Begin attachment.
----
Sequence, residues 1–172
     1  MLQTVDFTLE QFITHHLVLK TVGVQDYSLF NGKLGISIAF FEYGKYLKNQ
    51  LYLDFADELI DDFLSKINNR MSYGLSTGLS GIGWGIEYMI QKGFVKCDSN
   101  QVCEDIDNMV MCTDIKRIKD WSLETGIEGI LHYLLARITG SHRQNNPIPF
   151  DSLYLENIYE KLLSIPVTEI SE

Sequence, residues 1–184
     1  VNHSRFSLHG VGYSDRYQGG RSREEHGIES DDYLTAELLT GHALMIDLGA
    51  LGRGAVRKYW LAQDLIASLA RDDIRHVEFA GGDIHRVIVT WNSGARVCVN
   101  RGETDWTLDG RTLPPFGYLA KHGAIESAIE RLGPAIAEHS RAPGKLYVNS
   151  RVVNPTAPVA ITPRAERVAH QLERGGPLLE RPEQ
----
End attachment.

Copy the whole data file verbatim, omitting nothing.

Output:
Sequence, residues 1–172
     1  MLQTVDFTLE QFITHHLVLK TVGVQDYSLF NGKLGISIAF FEYGKYLKNQ
    51  LYLDFADELI DDFLSKINNR MSYGLSTGLS GIGWGIEYMI QKGFVKCDSN
   101  QVCEDIDNMV MCTDIKRIKD WSLETGIEGI LHYLLARITG SHRQNNPIPF
   151  DSLYLENIYE KLLSIPVTEI SE

Sequence, residues 1–184
     1  VNHSRFSLHG VGYSDRYQGG RSREEHGIES DDYLTAELLT GHALMIDLGA
    51  LGRGAVRKYW LAQDLIASLA RDDIRHVEFA GGDIHRVIVT WNSGARVCVN
   101  RGETDWTLDG RTLPPFGYLA KHGAIESAIE RLGPAIAEHS RAPGKLYVNS
   151  RVVNPTAPVA ITPRAERVAH QLERGGPLLE RPEQ